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Showing posts from October, 2014

View Default Constraints

A co-worker today couldn't figure out how a column, ostensibly being set to null held a value of 0 instead of null. I looked at the populating code and couldn't find anywhere a null was being replaced with a value of zero, so the most likely candidate was a default constraint on the column. Turned out he wasn't sure how to find default constraints on columns.

The easiest way is to use the sp_help function on the table name, or highlight the table name and hit alt-f1.

exec sp_help myTable

At the bottom, you'll find all the constraints on the table, including default constraints.

If however your table is not part of the dbo schema (as the Aventureworks sample database is fond of doing) you won't be able to use those methods on the table as it assumes the object exists in the 'dbo' schema. Instead, you can access the data via the Dynamic Management Views (DMVs) like this:
select TableName = object_name(c.object_id), DefaultConstraintName = ds.name, …

Regular Expressions in SSMS

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Several times a year I get asked something like "Can SQL do regular expressions"? The answer is essentially no (I know, I know, CLRs). But while SQL statements can't make sure of regular expressions to search through table data, you CAN use them in the course of creating and editing SQL scripts.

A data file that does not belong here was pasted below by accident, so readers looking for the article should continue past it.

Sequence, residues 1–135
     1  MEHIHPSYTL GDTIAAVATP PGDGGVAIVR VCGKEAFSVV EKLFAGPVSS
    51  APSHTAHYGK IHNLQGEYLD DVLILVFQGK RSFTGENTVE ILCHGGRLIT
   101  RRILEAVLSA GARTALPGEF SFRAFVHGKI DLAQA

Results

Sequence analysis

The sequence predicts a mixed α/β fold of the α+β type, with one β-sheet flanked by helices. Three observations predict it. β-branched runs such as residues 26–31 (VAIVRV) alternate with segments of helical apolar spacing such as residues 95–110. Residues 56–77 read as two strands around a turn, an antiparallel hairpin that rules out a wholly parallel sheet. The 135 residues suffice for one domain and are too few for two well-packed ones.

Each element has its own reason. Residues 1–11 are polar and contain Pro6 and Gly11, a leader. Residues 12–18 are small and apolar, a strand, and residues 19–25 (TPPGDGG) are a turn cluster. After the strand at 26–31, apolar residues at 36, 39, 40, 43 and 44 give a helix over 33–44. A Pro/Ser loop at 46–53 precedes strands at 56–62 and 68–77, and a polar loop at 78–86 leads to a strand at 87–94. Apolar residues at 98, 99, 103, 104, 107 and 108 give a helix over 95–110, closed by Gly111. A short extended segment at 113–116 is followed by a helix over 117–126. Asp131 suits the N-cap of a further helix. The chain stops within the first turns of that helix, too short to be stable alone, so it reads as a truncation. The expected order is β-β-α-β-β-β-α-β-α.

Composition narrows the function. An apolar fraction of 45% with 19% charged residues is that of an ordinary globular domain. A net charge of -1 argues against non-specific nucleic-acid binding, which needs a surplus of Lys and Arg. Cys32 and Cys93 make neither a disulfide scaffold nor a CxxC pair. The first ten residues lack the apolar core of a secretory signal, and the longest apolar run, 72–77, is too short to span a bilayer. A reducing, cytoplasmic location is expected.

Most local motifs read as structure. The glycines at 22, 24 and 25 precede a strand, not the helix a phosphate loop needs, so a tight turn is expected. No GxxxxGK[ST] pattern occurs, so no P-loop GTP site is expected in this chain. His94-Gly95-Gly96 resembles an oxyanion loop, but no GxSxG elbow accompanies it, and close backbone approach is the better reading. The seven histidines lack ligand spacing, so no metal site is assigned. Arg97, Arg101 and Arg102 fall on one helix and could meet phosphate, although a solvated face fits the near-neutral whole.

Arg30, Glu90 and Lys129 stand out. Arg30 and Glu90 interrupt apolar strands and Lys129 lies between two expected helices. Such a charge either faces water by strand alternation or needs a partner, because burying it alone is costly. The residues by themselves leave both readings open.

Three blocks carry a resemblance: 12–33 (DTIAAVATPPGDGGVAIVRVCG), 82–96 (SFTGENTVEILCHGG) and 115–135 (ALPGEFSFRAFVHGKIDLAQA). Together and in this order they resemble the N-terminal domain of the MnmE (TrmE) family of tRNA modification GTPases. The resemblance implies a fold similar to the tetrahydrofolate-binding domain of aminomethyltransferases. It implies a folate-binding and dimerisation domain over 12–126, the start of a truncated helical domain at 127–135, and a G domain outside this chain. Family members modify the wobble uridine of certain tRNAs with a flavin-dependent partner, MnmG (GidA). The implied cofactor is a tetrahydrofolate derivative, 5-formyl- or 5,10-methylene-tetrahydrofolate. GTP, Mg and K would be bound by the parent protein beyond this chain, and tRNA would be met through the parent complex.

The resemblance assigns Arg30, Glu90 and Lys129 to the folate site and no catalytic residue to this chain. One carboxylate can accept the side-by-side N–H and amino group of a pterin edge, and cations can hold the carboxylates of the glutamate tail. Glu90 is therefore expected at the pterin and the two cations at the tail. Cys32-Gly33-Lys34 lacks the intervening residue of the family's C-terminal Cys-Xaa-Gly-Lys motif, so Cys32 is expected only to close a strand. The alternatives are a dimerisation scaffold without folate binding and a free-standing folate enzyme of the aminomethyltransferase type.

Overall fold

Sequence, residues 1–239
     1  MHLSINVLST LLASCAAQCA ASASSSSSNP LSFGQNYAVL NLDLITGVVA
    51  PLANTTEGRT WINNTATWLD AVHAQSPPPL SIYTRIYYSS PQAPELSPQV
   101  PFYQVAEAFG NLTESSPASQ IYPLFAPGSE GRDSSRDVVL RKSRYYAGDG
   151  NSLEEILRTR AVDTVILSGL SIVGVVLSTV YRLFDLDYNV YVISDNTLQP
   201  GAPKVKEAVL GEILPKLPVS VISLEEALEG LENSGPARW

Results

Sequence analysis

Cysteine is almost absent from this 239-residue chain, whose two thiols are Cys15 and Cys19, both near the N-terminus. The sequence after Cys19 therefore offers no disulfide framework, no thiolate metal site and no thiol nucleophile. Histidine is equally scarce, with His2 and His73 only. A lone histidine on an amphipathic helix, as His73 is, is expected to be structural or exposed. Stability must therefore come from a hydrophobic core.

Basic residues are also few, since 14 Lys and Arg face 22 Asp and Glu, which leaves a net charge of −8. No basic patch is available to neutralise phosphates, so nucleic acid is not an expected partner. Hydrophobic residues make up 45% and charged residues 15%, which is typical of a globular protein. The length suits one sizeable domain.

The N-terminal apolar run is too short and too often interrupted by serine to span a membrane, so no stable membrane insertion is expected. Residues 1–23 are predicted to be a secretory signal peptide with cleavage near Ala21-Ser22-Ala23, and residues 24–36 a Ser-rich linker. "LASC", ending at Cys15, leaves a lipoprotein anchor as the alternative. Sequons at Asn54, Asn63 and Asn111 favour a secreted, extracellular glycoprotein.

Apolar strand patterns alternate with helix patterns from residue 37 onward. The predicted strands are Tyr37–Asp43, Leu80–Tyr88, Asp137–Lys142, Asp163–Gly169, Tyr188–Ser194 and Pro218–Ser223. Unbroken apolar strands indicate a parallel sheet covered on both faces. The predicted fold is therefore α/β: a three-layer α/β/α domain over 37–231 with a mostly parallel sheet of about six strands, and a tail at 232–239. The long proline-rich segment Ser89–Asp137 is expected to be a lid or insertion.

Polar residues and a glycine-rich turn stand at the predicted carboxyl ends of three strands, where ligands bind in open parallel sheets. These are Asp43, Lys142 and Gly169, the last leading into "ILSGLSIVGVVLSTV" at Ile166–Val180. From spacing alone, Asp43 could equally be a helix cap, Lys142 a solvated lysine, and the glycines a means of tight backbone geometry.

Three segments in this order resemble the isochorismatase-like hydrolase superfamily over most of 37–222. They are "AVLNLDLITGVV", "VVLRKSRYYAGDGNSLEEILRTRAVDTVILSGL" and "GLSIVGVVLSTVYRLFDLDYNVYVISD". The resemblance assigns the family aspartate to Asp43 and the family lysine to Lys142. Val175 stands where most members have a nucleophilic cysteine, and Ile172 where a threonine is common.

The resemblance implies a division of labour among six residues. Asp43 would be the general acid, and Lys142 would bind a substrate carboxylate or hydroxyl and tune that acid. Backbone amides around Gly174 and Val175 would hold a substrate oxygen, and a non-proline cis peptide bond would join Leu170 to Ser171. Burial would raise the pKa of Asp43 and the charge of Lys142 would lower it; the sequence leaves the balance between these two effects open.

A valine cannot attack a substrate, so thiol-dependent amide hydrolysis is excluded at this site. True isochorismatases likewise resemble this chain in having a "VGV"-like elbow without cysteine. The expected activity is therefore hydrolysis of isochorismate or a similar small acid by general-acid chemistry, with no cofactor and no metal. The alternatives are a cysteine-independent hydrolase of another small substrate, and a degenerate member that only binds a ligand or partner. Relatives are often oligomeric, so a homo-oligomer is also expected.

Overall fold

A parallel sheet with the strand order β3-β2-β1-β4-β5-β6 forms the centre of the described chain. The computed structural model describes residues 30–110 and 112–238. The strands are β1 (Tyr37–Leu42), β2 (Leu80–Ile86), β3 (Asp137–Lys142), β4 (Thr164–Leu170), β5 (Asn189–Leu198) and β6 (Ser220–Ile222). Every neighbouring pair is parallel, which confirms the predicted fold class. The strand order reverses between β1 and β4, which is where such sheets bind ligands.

SQL Server Management Studio as well as Visual Studio, which the later versions of SQL Server use as their IDE support regular expressions in find-and-replace operations. If you're wholly unfamiliar with regular expressions, there are tons of resources out there to help you learn. Some good info can be found at www.regular-expressions.info. I personally bought a book called Introducing Regular Expressions which I found quite useful. It's not my intent to teach regular expression here, but to show you how to find a regex character you need and give you some find-and-replace regular expressions I use almost daily.

First things first, SQL Server uses some funky notation for …

Square marquee

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For those of you who may not have known, there’s a cool trick you can do in Visual Studio or SSMS; the alt-drag marquee. Many of these functions can be handled with fine and replace with or without regular expressions, but sometimes those are more trouble than it’s worth.

The basics of alt-drag are this. Say I have a block of text, such as a comment block of a procedure which I want to replace all at once. Hold alt and drag to the bottom right, and you get a marquee area which respects x/y coordinates rather than just lines and indentation.


Now the cool part. If you’ve ever used copy-paste with these marquees, you’ll find they work… oddly. However like any good Jedi, you can turn your enemies weakness into your strength.

Say for example, I forgot to type select statements for a derived table like this:


You could use find replace to replace “all” with “all select’, you could use a series of copy/paste commands and down arrow keys, or this:

Create a zero-width vertical mar…